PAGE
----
Every internal combustion engine has a timing chain or belt. It’s in the front of the engine attached to a set of gears and pulleys that power components like the crankshaft and camshaft.
A properly tensioned chain is critical to maintaining the timing between the pistons and the valves. When timing chains loosen it leads to engine rattles, issues with misfiring, problems accelerating and – eventually – bent valves or rods and catastrophic engine failure.
Timing chains generally have a good lifespan, but like anything it’s not unusual for them to stretch and eventually need to be replaced (hopefully before they do too much damage).
Nissan Timing Chain Problems
Certain Nissan vehicles are gaining a reputation for early problems in the timing chain system, including issues with the chain tensioners, guides, and shoes.
Some have suggested that a manufacturing defect created timing chains with sharper edges that rapidly saw through their guides. Others say the chains are weak and prone to stretching.
Early Warning Signs in a JUKE Service Campaign
In May 2014, Nissan issued a timing chain service campaign for 104,000 JUKE subcompacts. The automaker wouldn’t call it a recall, however, because they said they “caught it” before it became a safety concern.
As part of the campaign every 2011-2013 owner affected got a new chain guide, crank sprocket, and timing chain.
Owners without JUKES have taken their issues to the courts. Multiple lawsuits have pointed to previous Technical Service Bulletins (TSB) as evidence that Nissan knows about the defect, but refuses to notify owners or issue a recall.
Class-Action Leads to Reimbursements for Residents of CA and WA
In Kobe Falco v. Nissan North America, the plaintiff claimed that Nissan violated the law by concealing a known safety defect in the timing chain system. The lawsuit sought damages for owners in California and Washington state.
Nissan admitted their timing chains are loud, but not unsafe. They argued that there’s no concealed defect or evidence that such a defect would make the vehicle unsafe to drive. What they fail to mention is how those loose timing chains can suddenly become engine-killing busted timing chains.
Despite Nissan’s defense, a California judge certified the suit anyway.
““Here, the Court finds that Plaintiffs have sufficiently alleged common damages formulas for the three classes. The class vehicles are alleged to have a common defect that the California Statutory and Washington classes all had repaired, thus spending money that they would not have needed to spend had Nissan either disclosed the defect or repaired itself. Thus, return of the average cost of repair would provide restitution to these class members because they have already spent that money to repair or diagnose their vehicles.”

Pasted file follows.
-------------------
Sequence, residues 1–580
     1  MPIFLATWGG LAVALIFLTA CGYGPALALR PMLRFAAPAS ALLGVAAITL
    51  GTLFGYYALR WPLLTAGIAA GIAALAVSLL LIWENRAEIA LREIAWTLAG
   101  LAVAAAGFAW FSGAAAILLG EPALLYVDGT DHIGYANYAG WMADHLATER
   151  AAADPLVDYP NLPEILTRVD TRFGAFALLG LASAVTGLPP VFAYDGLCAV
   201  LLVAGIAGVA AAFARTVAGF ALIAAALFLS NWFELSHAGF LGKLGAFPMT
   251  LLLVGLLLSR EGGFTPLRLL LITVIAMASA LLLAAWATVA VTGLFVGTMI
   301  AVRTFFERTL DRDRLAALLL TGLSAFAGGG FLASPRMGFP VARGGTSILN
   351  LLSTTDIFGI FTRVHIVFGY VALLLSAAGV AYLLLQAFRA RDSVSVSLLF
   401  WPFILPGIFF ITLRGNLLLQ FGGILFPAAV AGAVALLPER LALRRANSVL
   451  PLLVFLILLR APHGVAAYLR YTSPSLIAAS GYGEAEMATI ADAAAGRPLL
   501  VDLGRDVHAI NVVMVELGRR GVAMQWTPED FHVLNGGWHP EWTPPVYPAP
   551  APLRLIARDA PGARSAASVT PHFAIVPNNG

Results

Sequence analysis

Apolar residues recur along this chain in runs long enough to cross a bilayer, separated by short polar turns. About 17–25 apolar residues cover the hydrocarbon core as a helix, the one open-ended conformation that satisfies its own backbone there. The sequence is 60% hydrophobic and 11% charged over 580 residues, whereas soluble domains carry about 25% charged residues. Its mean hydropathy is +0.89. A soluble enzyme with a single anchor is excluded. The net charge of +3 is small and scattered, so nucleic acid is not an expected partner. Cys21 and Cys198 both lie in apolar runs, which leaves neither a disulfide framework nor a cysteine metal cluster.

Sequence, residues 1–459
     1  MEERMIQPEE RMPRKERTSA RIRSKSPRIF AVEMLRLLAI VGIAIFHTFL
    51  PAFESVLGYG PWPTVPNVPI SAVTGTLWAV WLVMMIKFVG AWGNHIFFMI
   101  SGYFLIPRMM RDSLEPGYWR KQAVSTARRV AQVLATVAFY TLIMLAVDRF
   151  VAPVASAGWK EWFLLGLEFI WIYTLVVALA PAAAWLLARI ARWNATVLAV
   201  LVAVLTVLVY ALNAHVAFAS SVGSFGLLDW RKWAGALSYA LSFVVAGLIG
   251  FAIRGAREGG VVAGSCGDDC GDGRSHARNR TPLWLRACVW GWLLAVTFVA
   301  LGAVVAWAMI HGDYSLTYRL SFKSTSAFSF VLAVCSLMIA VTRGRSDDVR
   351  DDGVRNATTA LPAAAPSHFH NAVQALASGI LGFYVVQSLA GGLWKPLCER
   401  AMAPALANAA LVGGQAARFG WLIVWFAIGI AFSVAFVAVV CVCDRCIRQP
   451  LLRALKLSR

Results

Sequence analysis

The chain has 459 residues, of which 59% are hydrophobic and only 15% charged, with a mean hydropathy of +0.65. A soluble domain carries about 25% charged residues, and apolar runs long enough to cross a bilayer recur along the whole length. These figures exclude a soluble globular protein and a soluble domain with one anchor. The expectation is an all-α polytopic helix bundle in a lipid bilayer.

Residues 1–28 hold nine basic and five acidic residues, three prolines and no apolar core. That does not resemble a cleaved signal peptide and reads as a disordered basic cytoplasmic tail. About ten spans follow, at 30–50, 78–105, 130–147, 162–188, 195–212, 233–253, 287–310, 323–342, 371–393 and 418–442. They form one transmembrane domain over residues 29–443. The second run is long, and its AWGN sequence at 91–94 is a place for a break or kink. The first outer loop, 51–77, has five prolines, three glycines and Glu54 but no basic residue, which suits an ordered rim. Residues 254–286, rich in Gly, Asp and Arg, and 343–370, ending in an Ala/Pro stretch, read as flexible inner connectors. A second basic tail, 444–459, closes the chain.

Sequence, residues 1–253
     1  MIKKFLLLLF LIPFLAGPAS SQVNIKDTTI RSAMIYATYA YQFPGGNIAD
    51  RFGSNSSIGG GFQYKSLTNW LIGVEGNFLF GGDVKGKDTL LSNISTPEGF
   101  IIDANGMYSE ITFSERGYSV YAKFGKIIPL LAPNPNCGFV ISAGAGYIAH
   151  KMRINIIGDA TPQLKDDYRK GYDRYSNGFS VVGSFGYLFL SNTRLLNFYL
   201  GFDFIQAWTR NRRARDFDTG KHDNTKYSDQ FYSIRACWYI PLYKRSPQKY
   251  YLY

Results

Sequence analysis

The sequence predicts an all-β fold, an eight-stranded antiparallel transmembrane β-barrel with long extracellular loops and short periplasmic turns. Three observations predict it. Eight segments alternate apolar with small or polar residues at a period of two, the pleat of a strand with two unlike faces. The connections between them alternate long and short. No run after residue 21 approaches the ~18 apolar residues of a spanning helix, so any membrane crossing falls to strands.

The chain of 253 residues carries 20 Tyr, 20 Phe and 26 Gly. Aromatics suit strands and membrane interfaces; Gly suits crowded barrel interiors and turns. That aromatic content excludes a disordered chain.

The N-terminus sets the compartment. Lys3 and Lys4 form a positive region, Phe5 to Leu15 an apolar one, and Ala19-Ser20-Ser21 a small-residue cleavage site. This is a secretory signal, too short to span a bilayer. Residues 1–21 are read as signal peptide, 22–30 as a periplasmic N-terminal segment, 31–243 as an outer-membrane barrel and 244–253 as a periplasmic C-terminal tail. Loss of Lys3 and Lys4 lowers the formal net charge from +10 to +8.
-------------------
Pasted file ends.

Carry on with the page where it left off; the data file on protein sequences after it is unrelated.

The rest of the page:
Certification is the often referred to as “the most important step” because a judge can use their discretion to dismiss a case, even if all the legal T’s are crossed and I’s dotted. It basically means the judge thinks the case holds merit, and can continue in court.
Settlement offers reimbursements for previous repairs
A settlement was reached in December 2017, with Nissan providing reimbursement options to certain owners.
Under the settlement, affected owners and lessees are entitled to partial reimbursement for money spent in connection with the diagnosis of, repair to, or replacement of the primary or secondary timing chain systems or components. Alternatively, those owners and lessees may receive a voucher to be used toward the purchase of a new Nissan vehicle.
The settlement covers:
- 2004-2008 Nissan Maxima
- 2004-2009 Nissan Quest
- 2004-2006 Nissan Altima (VQ35 engine)
- 2005-2007 Nissan Pathfinder
- 2005-2007 Nissan Xterra
- 2005-2007 Nissan Frontier (VQ40 engine)
Reimbursement percentages are based on the mileage of the vehicle at the time of repair, up to 120,000 miles (see how it breaks down).
Why 120,000 miles? An interesting nugget found in the court documents shows Nissan arguing that 120,000 miles is the “full life expectancy” of their vehicles.
Class-Action for Residents of NY, FL, MD, and NJ
The first timing chain lawsuit was filed in the Eastern District of New York. The class-action is titled Vincent Chiarelli, Philip Dragonetti, Michele Maszon, Todd Maszon and Chris Santimauro vs. Nissan North America Inc. and Nissan Motor Co., Ltd. (doesn’t really roll off the tongue, eh?)
The lawsuit claims that Nissan has known about the defects since 2004 and references a Technical Service Bulletin (TSB) that Nissan sent to its dealers regarding “buzzing and whining noises” from the timing chain.
As part of the TSB, dealers were told to offer “goodwill adjustments” to owners, but only those that specifically asked for it. And while TSBs are generally just intended as instructions for mechanics, it feels slimy to hear that Nissan wants to make sure any complaints are dealt with quietly.
The vehicles mentioned in the lawsuit include some of Nissan’s most popular models:
- 2004–2006 Nissan Altima (with VQ35 engine)
- 2004–2009 Nissan Quest
- 2004–2008 Nissan Maxima
- 2005–2010 Nissan Frontier (with VQ40 engine)
- 2005–2010 Nissan Xterra
- 2005–2010 Nissan Pathfinder
The lawsuit covers all current and former Nissan owners and lessees in New York, Florida, Maryland and New Jersey. It could later be expanded and it’s seeking a permanent fix for all affected owners.